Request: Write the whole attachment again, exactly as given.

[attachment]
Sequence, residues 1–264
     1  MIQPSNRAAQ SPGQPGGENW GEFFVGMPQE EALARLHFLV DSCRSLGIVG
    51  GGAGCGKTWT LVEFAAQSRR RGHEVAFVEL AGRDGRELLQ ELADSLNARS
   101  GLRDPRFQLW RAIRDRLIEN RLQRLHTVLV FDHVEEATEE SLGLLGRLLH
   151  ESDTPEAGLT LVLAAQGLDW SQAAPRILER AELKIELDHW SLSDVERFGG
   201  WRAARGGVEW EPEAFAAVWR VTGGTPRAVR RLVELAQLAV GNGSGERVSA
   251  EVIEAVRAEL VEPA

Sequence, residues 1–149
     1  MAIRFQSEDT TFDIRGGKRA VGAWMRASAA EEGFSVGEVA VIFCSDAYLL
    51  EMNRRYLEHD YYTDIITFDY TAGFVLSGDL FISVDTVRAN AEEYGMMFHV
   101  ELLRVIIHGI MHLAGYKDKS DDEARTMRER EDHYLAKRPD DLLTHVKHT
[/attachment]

Sequence, residues 1–264
     1  MIQPSNRAAQ SPGQPGGENW GEFFVGMPQE EALARLHFLV DSCRSLGIVG
    51  GGAGCGKTWT LVEFAAQSRR RGHEVAFVEL AGRDGRELLQ ELADSLNARS
   101  GLRDPRFQLW RAIRDRLIEN RLQRLHTVLV FDHVEEATEE SLGLLGRLLH
   151  ESDTPEAGLT LVLAAQGLDW SQAAPRILER AELKIELDHW SLSDVERFGG
   201  WRAARGGVEW EPEAFAAVWR VTGGTPRAVR RLVELAQLAV GNGSGERVSA
   251  EVIEAVRAEL VEPA

Sequence, residues 1–149
     1  MAIRFQSEDT TFDIRGGKRA VGAWMRASAA EEGFSVGEVA VIFCSDAYLL
    51  EMNRRYLEHD YYTDIITFDY TAGFVLSGDL FISVDTVRAN AEEYGMMFHV
   101  ELLRVIIHGI MHLAGYKDKS DDEARTMRER EDHYLAKRPD DLLTHVKHT